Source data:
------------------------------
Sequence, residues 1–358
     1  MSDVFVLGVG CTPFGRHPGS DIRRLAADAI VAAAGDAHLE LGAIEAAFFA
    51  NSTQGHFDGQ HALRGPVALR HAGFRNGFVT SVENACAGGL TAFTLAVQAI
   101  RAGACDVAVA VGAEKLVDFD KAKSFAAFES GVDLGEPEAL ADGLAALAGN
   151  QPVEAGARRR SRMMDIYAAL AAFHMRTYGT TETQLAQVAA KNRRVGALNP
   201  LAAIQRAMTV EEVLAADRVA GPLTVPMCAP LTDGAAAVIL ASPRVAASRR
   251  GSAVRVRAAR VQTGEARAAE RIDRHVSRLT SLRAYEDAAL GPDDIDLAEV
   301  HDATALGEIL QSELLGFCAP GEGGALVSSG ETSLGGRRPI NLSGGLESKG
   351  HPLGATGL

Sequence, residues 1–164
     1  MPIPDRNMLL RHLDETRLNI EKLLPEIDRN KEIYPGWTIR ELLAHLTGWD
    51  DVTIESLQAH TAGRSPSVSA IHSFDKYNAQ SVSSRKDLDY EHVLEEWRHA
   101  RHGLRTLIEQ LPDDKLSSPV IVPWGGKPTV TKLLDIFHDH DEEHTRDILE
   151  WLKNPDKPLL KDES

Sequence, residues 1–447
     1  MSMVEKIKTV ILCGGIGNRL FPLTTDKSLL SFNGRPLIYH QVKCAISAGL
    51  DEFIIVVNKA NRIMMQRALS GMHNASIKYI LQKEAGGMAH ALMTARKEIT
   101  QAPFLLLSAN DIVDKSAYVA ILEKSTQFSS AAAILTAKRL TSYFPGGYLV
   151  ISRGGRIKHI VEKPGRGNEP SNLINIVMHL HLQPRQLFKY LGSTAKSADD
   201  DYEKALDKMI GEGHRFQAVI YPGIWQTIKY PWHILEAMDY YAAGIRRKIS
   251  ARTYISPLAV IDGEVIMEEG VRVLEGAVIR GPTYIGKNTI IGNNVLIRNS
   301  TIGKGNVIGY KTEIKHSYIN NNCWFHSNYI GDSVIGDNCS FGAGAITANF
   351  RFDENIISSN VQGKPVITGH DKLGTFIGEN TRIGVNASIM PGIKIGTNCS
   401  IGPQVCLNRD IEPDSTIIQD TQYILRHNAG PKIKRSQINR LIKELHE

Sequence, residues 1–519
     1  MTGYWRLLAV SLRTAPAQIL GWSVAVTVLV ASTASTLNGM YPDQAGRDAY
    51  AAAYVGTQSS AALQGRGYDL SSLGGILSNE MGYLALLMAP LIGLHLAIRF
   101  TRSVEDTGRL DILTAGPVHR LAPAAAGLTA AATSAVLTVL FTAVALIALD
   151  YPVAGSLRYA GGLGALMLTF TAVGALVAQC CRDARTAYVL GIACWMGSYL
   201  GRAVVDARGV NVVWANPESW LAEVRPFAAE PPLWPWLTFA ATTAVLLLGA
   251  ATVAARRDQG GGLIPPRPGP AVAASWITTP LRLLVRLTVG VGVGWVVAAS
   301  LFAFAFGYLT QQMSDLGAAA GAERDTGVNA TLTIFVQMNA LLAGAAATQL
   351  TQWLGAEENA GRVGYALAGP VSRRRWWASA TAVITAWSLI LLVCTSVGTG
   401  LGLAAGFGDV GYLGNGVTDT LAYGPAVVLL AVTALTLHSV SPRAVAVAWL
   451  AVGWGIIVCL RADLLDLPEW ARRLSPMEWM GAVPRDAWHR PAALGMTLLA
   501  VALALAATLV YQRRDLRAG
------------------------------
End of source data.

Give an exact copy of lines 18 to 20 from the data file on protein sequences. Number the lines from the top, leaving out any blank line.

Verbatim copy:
   101  QAPFLLLSAN DIVDKSAYVA ILEKSTQFSS AAAILTAKRL TSYFPGGYLV
   151  ISRGGRIKHI VEKPGRGNEP SNLINIVMHL HLQPRQLFKY LGSTAKSADD
   201  DYEKALDKMI GEGHRFQAVI YPGIWQTIKY PWHILEAMDY YAAGIRRKIS